I live in a part of the world with normally moderate weather. It's like the 3-Bears
, "... Not too hot, not too cold...." I 'ride year round' because we might get a maximum of 5-days of snow per winter, and maybe 5-days at most of triple-digit summertime weather. Neither of these meteorological extreme occur every year – they merely can happen. But this winter has been long, the longest in memory for me (~ 40-yrs).
There have been not days, but weeks of snow; and it has been abnormally cold - night time temps below freezing, and daytime temps in the high 30s-low40s. We usually get two full weeks sometime in February of warm weather (daytime temps in the 70s.) No such mild weather for Feb. of '17. We have warmed only enough to see record rainfall. As of St. Patrick’s Day we’ve seen three days of sun – no precipitation. The area I live in sits between two mountain ranges, the latter is noticeably taller than the former, and it is called the Willamette (wil-lam-it) Valley. It’s March and we have already reached our average annual rain fall!
So, what's a poor fool to do? Work on his ZX, that's what. This is a source of pride for me as I perform the vast majority of the work. But even that has not held the usual joy, because it's just too damn cold for fingers gripping icy metal tools. I've had my 2015 30th Anniversary ZX-6R 636 for two and a half years. I have been forced to take two episodes of prolonged time off from riding to rehab after two significant surgeries. Yet time spent modifying the mini-Ninja was very therapeutic during my recoveries. I think I'm very nearly done modifying my ZX!
I have a few boxes that have been opened and then had their flaps folded closed (more Tekarbon
c/f bits & bobs; a new Hotbodies
double bubble windscreen), these last stragglers will simply have to wait for milder weather. I will go into more detail regarding the modifications in a later post. Certainly feel free to ask question pertaining to my method & madness.
At present, the Zed is on a camp-out up in Portland (Beaverton, OR) at EDR Performance
to have the PC V calibrated on their dyno. We’re waiting on new exhaust gaskets that are back East, huddled from their Nor-Easter that is grinding transportation down to a halt. This comes after having my CPU reflashed by Schnitz Racing
. By the way, that is the bargain of the day at $95.00 (base price of $75.00, including disabling the EVSM + [$10.00] & PAIR [+ $10.00]). EDR is performing the dyno runs, with a BMC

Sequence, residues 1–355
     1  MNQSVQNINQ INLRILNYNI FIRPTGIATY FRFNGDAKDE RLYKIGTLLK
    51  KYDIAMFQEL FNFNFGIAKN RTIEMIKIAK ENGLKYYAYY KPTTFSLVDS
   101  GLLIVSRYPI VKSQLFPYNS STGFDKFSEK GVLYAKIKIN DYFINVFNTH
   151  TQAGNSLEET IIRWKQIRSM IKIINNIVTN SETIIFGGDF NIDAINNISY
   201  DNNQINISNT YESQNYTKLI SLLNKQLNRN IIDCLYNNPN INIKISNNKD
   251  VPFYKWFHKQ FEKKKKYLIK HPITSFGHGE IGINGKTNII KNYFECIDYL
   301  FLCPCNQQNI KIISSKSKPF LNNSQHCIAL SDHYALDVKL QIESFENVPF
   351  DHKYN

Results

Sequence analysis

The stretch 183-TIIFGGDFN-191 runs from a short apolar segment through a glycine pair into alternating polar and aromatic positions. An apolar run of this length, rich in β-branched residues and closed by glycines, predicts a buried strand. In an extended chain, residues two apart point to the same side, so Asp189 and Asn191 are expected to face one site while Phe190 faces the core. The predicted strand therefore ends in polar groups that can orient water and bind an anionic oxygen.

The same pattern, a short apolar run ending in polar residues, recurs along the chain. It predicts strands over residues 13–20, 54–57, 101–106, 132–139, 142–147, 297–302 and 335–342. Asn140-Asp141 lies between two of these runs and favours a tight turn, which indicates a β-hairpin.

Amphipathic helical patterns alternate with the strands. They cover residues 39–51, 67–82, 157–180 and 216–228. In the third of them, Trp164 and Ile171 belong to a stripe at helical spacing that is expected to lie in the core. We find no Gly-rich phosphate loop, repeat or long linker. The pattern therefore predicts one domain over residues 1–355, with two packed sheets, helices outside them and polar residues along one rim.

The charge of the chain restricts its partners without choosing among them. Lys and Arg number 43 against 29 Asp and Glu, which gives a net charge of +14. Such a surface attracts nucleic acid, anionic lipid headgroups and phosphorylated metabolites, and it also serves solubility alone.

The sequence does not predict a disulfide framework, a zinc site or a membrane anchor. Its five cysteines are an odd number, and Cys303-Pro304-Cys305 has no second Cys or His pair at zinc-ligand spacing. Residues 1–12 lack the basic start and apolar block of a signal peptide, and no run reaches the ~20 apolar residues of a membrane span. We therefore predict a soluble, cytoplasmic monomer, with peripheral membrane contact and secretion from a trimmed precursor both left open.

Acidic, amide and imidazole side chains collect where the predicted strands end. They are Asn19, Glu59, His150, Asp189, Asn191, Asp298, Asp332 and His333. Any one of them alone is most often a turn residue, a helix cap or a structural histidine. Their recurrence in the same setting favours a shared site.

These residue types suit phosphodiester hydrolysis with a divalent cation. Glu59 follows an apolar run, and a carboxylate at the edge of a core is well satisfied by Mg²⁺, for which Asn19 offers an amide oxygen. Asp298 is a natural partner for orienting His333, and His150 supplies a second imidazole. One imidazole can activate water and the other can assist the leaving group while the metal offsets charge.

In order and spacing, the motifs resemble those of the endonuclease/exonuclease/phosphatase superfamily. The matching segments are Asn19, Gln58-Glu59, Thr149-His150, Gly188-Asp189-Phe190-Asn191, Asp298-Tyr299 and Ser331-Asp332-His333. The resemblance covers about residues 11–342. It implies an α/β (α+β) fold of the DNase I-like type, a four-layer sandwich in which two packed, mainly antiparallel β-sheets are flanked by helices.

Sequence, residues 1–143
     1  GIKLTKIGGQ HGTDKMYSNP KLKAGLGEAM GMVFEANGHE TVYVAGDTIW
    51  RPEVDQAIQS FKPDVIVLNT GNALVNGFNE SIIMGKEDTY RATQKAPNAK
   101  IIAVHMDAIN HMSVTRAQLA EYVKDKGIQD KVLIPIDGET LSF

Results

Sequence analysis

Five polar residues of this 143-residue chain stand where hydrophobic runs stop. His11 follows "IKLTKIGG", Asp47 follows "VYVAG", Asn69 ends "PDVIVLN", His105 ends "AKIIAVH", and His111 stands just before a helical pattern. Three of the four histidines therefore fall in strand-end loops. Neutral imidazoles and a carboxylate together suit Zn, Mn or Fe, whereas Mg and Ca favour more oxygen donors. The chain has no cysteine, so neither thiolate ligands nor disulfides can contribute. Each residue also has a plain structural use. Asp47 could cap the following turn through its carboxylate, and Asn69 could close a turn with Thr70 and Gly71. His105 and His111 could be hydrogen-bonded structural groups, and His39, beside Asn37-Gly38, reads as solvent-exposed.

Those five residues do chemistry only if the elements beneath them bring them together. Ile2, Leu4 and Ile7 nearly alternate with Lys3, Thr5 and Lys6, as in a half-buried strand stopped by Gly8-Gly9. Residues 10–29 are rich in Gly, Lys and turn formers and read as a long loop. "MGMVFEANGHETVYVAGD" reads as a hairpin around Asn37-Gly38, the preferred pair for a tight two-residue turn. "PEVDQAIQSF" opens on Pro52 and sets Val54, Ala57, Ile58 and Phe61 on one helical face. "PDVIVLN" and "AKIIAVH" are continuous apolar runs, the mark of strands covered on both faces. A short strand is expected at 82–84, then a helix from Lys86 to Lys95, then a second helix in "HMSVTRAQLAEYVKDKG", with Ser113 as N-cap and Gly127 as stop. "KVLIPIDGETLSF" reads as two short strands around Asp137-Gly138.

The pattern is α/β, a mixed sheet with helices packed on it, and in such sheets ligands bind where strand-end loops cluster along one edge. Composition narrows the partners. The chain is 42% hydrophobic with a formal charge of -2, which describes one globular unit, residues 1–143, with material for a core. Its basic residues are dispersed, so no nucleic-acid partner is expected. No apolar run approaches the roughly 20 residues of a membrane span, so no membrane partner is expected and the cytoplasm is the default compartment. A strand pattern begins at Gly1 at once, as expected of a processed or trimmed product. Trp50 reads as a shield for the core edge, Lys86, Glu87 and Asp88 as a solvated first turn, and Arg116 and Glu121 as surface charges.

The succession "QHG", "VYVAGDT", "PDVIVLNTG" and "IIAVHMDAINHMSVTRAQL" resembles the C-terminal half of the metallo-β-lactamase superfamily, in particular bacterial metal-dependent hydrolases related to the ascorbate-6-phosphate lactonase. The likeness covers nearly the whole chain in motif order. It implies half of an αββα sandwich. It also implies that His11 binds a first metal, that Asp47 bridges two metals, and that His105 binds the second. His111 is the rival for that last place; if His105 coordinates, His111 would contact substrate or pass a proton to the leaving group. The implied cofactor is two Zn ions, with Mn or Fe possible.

air filter is in situ; the Yosh
dB killer uninstalled in the canister; and Ixil
DKat mid-pipe installed. EDR Performance https://store.schnitzracing.com/ It is somewhat bitter sweet when I acknowledge to myself that I am near the end of a project
. This ought not to imply that my relationship with the little Zed has concluded the contrary is really at hand. I have a couple areas that still need ‘tweaking.’ The suspension is the moving target
that I will have to focus on just a little bit more for me to be satisfied, but I need warm tarmac, hot tires and clean road surfaces to accomplish that task. And all of those are in very short supply. Every evening the local news stations seem to running tag-team stories regarding the massive potholes that are becoming all too common. This doesn’t encourage me to take the baby Zed out. Later, when the conditions improve I'll just have to ride it more, and maybe do more track days and hyper-sport touring. Lord knows I'll have more cash to indulge those pursuits.
In all honesty it took me about 9-12 months to actually settle into an accord with the 636. I came from a past of riding only litre class sportbikes. And they are a whole different breed of cat. For starters, they tend to feel just a wee bit lankier. The 600s feel short-coupled by comparison. One feels like they are sitting “in” the cockpit, rather than “on” the saddle. Litre bikes are stupidly fast! But everyone knows that, but unless you’ve lived with a litre bike, one really doesn’t’t ‘know’ what that means. Suffice it to say, they are fast everywhere; they stop in a gnat’s fart; and will pummel one to death by tossing one down the road in the blink of an eye… they will toss one down the side of a steep mountain… high side one into the lance-like grasp of neighbouring trees at 150mph with nary a thought. And it all happens faster than a human being can react to. But it is an addictive drug.
Middleweight sport bikes are The Sane Option (though they are becoming an endangered species)
when dealing with true race replica bikes. In some ways middleweights are more work to ride, one has to be very present in the moment
, with a middleweight one must
be in the correct gear
; one must have their own weight situated just so; one must pay attention to all the details!
On a litre bike one could realistically have the choice of three gears (yes, there will be an optimum
); body positioning is optional; what a litre bike rider does learn to do is to cover the brake lever with 1-2 fingers because things can & do get seriously out of hand quickly; unpleasant things can & do get out of hand on a middleweight, just not nearly as quickly. And yet, one can be lazier with a litre bike. I know it sounds odd or perhaps just plain contrary.
The Willamette River watershed; and confluence with the Columbia River at Portland. (Map: Wikipedia)